Friday, October 31, 2008
Two housing stories are worthy of note this morning - an alarming estimate of homeowners with negative equity and former Treasury Secretary Paul O'Neil's quite sensible plan to fix the housing market. First, the stunning data on underwater homeowners.
From CNN/Money comes this report indicating that almost 20 percent of all borrowers owe more on their house than it is worth. Recall that about one-third of all U.S. homes have no mortgage (a novel concept, no?), so this figure would be about a third lower if measured across all residential real estate.
At least 7.5 million Americans owe more on their mortgages than their homes are currently worth, according to a real estate research firm's report released Friday.Ahhh... Memories...
In other words: If they sold their homes today, they'd have to bring a check to the closing. Ouch.
Another 2.1 million people stand right on the brink, according to the report by First American CoreLogic. Their homes are worth less than 5% more than the mortgages they're paying on them.
Home values in Nevada and some other states rose particularly high during the real estate bubble - and are now plummeting. So even those who put 20% down when they bought their home don't stand a chance.
In many bubble markets, home prices got so high that the only way that many buyers could get a loan was by using what Fleming called "affordability products." These included adjustable rate mortgages with rates that were set artificially low for a few years, until resetting much higher, as well as mortgages that required little or no down payments.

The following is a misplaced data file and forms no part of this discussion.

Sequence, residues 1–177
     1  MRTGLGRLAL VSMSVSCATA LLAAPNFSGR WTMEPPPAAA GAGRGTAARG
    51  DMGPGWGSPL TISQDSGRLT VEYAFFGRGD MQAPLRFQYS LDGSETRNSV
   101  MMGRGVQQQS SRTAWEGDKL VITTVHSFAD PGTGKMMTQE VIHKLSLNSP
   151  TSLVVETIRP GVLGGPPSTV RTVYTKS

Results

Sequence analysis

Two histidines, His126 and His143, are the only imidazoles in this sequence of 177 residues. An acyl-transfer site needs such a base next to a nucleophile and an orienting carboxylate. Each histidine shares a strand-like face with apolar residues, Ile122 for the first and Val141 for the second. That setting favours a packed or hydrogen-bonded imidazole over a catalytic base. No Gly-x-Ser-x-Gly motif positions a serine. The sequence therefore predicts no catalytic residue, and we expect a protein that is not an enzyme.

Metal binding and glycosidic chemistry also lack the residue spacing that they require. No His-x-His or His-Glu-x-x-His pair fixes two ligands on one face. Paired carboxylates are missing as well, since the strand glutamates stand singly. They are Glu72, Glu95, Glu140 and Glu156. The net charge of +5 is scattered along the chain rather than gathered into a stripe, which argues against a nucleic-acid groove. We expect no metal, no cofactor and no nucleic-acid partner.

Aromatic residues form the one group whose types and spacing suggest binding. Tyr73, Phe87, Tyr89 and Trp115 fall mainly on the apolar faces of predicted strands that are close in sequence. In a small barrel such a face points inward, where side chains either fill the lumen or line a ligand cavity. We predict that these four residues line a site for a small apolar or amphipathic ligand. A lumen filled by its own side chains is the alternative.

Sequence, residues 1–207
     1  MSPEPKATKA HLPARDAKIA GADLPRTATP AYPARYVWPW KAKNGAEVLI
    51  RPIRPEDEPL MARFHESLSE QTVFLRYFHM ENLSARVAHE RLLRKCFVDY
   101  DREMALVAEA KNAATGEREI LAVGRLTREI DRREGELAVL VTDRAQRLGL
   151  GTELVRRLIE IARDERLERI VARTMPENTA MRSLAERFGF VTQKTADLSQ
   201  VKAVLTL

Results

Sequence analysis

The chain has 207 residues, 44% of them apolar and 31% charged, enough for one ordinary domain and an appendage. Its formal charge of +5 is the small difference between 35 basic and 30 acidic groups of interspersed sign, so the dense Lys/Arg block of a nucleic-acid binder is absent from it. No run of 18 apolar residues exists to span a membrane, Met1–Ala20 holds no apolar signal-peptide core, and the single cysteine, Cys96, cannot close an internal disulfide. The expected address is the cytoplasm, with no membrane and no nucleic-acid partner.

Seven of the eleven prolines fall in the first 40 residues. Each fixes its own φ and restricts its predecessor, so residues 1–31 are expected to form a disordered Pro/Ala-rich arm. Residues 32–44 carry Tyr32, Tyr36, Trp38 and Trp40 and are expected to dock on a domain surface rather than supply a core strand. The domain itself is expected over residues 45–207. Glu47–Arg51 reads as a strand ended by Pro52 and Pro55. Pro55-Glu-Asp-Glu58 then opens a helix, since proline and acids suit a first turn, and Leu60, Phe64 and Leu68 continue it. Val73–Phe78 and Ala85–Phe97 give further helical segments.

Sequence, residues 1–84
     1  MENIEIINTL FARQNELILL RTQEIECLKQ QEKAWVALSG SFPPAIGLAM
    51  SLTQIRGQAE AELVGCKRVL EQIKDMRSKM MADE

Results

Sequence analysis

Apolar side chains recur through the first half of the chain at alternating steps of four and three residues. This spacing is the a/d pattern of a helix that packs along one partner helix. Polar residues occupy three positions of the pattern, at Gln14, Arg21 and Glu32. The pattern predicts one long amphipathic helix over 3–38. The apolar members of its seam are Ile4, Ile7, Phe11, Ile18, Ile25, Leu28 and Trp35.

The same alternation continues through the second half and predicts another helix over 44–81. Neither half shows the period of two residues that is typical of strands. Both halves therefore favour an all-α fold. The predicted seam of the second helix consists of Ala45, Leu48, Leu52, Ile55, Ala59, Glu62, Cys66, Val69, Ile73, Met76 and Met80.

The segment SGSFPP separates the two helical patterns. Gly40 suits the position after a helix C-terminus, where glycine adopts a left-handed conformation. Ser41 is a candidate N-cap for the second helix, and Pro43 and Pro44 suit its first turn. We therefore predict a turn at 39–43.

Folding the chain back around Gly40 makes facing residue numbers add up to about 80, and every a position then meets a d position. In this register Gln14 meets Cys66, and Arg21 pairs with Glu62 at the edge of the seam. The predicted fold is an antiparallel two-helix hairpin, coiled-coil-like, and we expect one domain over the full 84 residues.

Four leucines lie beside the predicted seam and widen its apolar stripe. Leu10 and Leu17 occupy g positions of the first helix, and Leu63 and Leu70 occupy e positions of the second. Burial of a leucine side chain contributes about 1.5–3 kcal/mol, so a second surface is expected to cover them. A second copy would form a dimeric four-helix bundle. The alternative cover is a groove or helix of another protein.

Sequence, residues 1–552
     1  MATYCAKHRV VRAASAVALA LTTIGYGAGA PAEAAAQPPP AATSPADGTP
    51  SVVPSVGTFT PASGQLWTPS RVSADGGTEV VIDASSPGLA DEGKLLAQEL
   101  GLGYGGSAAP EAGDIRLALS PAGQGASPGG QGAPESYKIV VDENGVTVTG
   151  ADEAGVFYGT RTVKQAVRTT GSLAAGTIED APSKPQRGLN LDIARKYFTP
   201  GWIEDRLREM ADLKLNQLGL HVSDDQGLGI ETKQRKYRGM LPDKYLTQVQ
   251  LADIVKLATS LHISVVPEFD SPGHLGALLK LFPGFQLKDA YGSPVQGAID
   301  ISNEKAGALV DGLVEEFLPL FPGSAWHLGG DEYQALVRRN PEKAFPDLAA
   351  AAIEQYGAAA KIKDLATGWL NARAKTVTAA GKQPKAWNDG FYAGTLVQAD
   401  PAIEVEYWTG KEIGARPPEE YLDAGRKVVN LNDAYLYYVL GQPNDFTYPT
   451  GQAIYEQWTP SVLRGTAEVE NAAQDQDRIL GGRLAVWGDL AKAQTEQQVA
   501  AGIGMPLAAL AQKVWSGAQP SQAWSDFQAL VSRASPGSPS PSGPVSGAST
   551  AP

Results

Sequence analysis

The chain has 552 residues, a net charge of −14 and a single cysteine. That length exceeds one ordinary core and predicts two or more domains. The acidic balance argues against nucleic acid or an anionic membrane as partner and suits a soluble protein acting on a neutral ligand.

These loans left buyers with little equity to begin with, and when prices dipped, they quickly found themselves underwater.
When home prices were soaring, the mortgage industry created "affordability products" so the boom wouldn't have to end - all with the blessing of economists and policy makers because we had entered a new era where "risk" was being distributed with the help of financial innovation in mortgage securitization and insurance derivatives.
Back to the present...
The views of former Treasury Secretary Paul O'Neil on how he might go about fixing the housing market mess were the subject of this report at National Realty News the other day.
The plan is simple and straightforward, albeit quite painful, with absolutely no chance of garnering any support from any elected official.
Former treasury secretary, Paul O’Neill said that congress should scrap plans for a new economic stimulus package and instead simply require mortgage lenders to only make loans for people with a 20% or higher down payment.As you might recall, O'Neil had a difficult time during his short tenure in Washington. His penchant for speaking his mind made for numerous political gaffes and, along with Christie Todd Whitman, hastened an early exit from the Bush Administration.
On Tuesday, O’Neill addressed reports and indicated that he was not surprised that neither presidential candidate supported his position.
According to a published reports O’Neill also said, "Unfortunately we've gotten to a point where people that want to run for president don't think they can tell the truth and still get elected. I'm hopeful whichever person gets elected, they'll be better than what they've said. An awful lot of presidential campaigns now are pandering to the lowest common denominator. They promise people everything."